Authorities start forcibly moving children out of 'informal' homes
Fire prompts crackdown on China's orphanages
After a fire killed seven orphans at the home of Yuan Lihai in eastern Henan province last week, the 10 young children that survived were sent to government welfare centers for children.
But Yuan’s is not the only house orphanage in China to see its kids ordered away by authorities in the aftermath of the blaze.
Teresa Fan, a 20-year-old who grew up in an orphanage in neighboring Shanxi province, says officials instructed her foster parents to send their 25 orphans to a state institution. Fan’s parents refused and despite a visit by the authorities, the order is yet to be enforced.
“[They] inspected around our home, reminded us about possible domestic dangers and then left,” she said.
Following the tragedy in Henan’s Lankao County on January 4, the Ministry of Civil Affairs issued a notice putting pressure on local officials to step up their grass-roots management of abandoned children and the services they receive.
This has included raids across the country expected to last one month to “acquire comprehensive information about individuals and voluntary organizations taking care of orphans and children with special difficulties.”
The government’s response represents a rare sign of interest in orphanages in many parts of China, particularly in rural areas.
“Once a year during the Chinese New Year, officials come over and give us noodles and pocket money,” says Fan, adding that in the past authorities have typically neither helped nor hindered these informal house orphanages.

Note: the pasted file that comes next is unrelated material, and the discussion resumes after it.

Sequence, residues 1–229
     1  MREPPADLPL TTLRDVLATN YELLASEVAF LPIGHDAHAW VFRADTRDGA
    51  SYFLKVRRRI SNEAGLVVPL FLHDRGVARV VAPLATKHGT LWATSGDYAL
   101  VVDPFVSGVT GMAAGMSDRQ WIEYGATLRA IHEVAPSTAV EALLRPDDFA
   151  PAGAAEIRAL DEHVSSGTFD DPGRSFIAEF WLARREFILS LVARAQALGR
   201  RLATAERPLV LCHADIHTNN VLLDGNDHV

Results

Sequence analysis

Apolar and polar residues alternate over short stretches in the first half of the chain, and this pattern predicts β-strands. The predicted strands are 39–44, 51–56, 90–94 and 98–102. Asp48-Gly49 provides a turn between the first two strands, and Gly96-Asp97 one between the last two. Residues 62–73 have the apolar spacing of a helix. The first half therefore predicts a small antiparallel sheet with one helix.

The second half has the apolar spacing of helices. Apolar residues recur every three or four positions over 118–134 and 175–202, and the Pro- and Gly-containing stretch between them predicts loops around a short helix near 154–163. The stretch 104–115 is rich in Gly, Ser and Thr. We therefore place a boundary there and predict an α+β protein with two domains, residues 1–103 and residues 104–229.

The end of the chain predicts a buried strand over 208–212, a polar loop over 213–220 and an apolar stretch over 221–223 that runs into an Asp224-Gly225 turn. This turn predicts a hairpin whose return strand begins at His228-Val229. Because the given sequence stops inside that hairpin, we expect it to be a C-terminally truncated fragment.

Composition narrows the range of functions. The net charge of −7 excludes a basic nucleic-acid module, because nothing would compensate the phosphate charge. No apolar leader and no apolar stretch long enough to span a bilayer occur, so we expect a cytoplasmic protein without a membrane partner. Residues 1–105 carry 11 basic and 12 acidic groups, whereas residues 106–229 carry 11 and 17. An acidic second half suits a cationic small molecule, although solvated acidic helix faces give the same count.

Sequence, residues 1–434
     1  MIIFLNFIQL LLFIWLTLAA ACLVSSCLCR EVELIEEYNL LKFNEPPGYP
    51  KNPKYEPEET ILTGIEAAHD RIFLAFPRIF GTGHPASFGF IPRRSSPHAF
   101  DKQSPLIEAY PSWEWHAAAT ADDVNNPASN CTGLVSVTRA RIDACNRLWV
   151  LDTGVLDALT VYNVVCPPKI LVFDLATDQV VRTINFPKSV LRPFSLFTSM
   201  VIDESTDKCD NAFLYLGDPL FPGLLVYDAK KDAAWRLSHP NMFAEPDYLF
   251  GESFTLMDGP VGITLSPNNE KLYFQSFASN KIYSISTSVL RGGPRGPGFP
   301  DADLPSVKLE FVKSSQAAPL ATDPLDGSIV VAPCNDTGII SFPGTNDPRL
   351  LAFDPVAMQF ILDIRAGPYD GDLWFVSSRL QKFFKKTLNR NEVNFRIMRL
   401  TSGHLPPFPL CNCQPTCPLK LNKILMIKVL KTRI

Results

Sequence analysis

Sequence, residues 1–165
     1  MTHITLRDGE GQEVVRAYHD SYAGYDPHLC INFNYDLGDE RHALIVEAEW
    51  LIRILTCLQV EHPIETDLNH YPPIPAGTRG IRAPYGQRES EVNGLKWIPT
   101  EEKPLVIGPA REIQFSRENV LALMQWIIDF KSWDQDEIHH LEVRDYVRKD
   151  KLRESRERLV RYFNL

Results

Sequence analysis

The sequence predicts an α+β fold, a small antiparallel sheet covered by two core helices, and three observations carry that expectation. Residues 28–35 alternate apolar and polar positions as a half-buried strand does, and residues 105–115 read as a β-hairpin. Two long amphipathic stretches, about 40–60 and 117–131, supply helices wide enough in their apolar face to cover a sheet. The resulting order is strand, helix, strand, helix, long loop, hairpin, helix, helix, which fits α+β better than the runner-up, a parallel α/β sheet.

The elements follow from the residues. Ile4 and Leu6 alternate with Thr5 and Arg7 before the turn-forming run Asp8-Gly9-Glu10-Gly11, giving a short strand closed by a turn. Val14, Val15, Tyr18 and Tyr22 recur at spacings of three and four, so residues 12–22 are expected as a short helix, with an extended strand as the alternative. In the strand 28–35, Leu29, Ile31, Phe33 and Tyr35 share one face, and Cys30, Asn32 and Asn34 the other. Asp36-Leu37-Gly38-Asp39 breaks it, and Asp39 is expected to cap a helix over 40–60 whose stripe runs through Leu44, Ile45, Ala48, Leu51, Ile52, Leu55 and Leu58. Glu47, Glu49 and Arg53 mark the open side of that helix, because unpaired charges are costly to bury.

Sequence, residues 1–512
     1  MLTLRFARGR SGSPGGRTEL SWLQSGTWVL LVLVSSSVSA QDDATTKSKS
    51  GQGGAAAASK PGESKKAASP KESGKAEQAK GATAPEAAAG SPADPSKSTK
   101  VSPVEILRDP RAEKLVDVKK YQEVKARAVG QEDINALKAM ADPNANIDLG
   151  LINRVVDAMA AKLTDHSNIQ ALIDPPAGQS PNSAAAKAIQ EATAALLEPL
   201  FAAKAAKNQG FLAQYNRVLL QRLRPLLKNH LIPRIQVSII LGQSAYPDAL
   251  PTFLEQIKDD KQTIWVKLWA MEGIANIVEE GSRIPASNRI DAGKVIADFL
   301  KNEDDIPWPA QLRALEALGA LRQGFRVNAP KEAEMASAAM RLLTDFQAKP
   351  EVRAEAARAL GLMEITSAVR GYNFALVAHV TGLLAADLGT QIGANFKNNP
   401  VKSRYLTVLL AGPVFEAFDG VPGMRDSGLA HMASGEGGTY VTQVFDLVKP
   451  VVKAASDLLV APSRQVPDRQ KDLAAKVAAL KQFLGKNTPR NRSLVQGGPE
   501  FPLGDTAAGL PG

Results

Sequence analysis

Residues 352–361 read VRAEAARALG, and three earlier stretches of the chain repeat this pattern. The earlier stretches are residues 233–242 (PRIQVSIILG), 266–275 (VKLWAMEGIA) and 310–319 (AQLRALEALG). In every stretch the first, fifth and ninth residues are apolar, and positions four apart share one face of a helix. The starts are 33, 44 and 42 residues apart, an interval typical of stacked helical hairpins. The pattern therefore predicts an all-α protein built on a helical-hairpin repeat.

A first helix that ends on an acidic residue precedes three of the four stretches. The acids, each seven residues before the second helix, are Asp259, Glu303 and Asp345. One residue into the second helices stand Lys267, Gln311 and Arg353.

Fan’s parents, both aged 65, adopted their first child when they found the baby abandoned on their doorstep.
Like many rural places in the country, there was little in the way of alternatives in a country where house orphanages have filled a void in social services.
The result is an ad-hoc orphanages system in China based on ill-defined rules which often means that taking in dozens of children becomes even more difficult.
Like many other such institutions in the country, Sister Maria’s orphanage in northeastern Hebei province is not registered. But not for want of trying, she adds.
When the nuns tried to register, “we could not even talk with a person in charge as none of them wanted to take responsibility,” says Sister Maria.
Another nun in central Shaanxi province who identified herself as Sister Han says she had similar problems.
Authorities asked her to send all 17 orphans to a government welfare center prior to their proposed official adoption, which is one avenue for acquiring greater legal status.
“But the officials could not even tell me anything about the prerequisites and procedure for adoption,” said Sister Maria.
The government passed an adoption law in 1991, which it amended in 1998, but its provisions all but rule out adoption as an avenue for small families to take in large numbers of young orphans legally.
In November, Sister Han was among a group of nuns who tried to register their homes with the hope of giving every orphan a household register account entitling them to social welfare. However, they were informed it was “impossible” and failed to offer any solutions, she said.
The financial burden is often severe for these unofficial orphanages, many of which rely on donations of food, clothing and cash from local supporters.
In Yuan’s case, she ran a grocery shop selling food to help generate the 87 yuan (US$14) she spent per month raising each child. Education is an additional cost.
“When it comes to school fees it’s all about money,” says Fan. “We hope that the government can offer more assistance regarding education for these young people.”
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